As Thursday, the day when the senate has currently scheduled testimony about the allegations made against US Supreme Court nominee Brett Kavanaugh approaches, more information keeps coming out, and most of it is not in his favor. It now appears that his second accuser Deborah Ramirez may also give testimony to the senate judiciary committee and the lawyer for the third accuser (who may go public today) has been in touch with a staff member of the committee about giving her testimony. And of course, there is the possible fourth accuser, not to mention Kavanaugh’s notorious close friend Mark Judge whose published descriptions of drunken debauchery during high school paint an all-too vivid and ugly picture that is consistent with the allegations.
Kavanaugh and his wife went for a damage-control softball interview on (where else?) Fox News. I did not watch but from news reports about the only new piece of information to emerge from it was his statement that he was a virgin until well after graduating from high school. I am not sure why he volunteered that bit of information because it does not really help his case and in fact harms it because the abusive behavior that he is accused of is consistent with that of a sexually inexperienced young man who belongs to a clique of young men given to boasting about their sexual conquests and thus make him feel inadequate. It is such men who get really frustrated and, under the influence of alcohol, are likely to try to match their peers.
Of all the new information to come out, the most damning (in my eyes) is that of his first year roommate in college (and thus in a good position to form an opinion) James Roche who issued a brief statement that I am reproducing in full (the boldface additions are mine).
I was Brett Kavanaugh’s roommate at Yale University in the Fall of 1983. We shared a two bedroom unit in the basement of Lawrence Hall on the Old Campus. Despite our living conditions, Brett and I did not socialize beyond the first few days of freshman year. We talked at night as freshman roommates do and I would see him as he returned from nights out with his friends. It is from this experience that I concluded that although Brett was normally reserved, he was a notably heavy drinker, even by the standards of the time, and that he became aggressive and belligerent when he was very drunk. I did not observe the specific incident in question, but I do remember Brett frequently drinking excessively and becoming incoherently drunk.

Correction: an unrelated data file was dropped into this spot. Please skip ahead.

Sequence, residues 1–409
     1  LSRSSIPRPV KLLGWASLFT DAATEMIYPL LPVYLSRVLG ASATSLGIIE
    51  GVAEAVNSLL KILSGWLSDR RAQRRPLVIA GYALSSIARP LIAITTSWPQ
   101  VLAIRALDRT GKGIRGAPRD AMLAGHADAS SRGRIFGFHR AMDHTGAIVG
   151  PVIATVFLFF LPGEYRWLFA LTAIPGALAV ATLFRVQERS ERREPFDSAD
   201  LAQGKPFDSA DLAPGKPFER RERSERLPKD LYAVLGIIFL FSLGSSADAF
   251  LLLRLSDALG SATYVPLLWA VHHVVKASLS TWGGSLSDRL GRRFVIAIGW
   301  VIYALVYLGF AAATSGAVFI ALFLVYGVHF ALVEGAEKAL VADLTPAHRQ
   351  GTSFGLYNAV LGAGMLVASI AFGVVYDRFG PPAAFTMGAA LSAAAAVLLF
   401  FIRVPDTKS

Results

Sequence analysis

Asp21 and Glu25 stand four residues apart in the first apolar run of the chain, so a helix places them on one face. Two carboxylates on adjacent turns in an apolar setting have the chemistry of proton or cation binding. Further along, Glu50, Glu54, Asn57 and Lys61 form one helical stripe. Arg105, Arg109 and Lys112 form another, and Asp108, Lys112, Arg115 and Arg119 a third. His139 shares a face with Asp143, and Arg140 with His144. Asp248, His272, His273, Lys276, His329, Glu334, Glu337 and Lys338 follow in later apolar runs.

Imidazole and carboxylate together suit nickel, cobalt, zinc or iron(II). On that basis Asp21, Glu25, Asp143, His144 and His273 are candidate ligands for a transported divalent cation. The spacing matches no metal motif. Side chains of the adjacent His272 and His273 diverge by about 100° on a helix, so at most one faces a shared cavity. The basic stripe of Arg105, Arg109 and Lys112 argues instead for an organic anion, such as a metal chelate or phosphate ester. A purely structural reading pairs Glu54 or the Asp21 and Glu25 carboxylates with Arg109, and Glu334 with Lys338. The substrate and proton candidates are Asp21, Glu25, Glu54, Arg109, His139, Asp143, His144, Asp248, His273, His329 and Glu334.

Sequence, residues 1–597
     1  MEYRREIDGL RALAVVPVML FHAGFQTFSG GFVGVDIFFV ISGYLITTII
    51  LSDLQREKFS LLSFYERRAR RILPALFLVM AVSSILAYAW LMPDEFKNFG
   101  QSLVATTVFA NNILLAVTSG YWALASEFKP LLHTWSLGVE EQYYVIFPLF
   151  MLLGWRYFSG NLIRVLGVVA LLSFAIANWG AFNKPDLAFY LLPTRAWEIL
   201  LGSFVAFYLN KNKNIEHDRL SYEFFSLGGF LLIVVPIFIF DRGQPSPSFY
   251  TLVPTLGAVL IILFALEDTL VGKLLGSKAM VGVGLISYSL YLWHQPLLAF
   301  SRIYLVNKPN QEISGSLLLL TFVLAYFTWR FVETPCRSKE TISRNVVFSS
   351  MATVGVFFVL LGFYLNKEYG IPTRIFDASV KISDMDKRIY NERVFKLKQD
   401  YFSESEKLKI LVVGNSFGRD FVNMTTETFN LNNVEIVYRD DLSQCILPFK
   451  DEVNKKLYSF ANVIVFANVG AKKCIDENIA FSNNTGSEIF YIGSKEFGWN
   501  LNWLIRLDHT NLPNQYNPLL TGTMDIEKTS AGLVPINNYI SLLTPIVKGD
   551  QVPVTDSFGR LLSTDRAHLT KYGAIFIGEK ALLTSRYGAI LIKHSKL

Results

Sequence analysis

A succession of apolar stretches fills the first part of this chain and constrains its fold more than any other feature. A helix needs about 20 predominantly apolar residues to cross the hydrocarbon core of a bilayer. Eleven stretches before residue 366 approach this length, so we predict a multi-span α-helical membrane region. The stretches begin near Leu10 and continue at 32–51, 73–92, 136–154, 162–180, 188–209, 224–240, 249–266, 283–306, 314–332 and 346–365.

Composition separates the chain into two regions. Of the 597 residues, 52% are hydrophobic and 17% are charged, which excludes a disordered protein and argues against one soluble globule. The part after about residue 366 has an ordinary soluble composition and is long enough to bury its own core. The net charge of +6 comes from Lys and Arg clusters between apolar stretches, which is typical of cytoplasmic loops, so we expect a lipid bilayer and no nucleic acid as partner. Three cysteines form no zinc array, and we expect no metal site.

I became close friends with Debbie Ramirez shortly after we both arrived at Yale. She stood out as being exceptionally honest, with a trusting manner. As we got to know one another, I discovered that Debbie was very worried about fitting in. She felt that everyone at Yale was very rich, very smart and very sophisticated and that as a Puerto Rican woman from a less privileged background she was an outsider. Her response was to try hard to make friends and get along.
Based on my time with Debbie, I believe her to be unusually honest and straightforward and I cannot imagine her making this up.
Based on my time with Brett, I believe that he and his social circle were capable of the actions that Debbie described.